Government schools in Bengaluru have been facing a faculty shortage for a while now. Many communities and organizations are coming up that want to support these government schools and help the society grow.
Anupama H, started a volunteering drive in Malleshwaram, almost by accident. She had gone for a garbage workshop where the teachers conveyed that the school didn’t have enough teachers. She had a Facebook group of Malleshwaram residents, and she decided to contact them, and see if anybody was available. Surprisingly, the response was phenomenal.
“We had so many volunteers, some even over-qualified” says Anupama. This facebook group has developed into a community of concerned citizens, coming together to help these students and their schools.
But youngsters aren’t the only one who are participating in this noble activity. Dr Parthiv, 62, is a regular volunteer at a government school based in Bannerghatta Road. He says “I retired from lecturing years ago. But I love teaching these innocent students; it gives me a sense of satisfaction.” He used to be a physics professor, but now enjoys teaching basic mathematics from 4th to 10th graders.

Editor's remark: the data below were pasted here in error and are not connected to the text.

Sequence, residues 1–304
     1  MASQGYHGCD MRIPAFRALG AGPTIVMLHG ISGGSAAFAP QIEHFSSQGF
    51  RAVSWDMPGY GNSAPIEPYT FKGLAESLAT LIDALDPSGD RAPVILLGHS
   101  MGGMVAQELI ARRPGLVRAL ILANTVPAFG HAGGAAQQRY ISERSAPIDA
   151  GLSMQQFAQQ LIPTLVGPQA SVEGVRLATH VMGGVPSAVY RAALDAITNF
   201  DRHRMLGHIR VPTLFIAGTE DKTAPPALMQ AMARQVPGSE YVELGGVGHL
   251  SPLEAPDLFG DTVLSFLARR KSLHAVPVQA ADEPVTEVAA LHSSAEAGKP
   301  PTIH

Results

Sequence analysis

Apart from self made communities who volunteer in government schools , a few organisations have also come up to support the cause. One Billion Literates Foundation (OBLF) was founded five years ago, and they focus on teaching English to deprived kids.
OBLF works with schools in Kaikondalahalli, Kasavanahallli and Haralu. Since it can only reach a few places at once, OBLF also employs a few “coordinators” from rural areas, who learn from the volunteers and pass on their knowledge to the people of their specific region. This allows for a more dynamic model of learning.
This organization also allows students from diverse backgrounds to learn together. They teach everyone at a pace they are comfortable with. They teach them word by word, hence anybody can learn.
Jayashree, a volunteer at OBLF, says, “our intention is to teach English to more and more children, so that they can develop further. We understand that a few kids have no background in the language, that’s why our syllabus is very different to the prescribed course. We teach children at a slow pace; we bridge the gap.”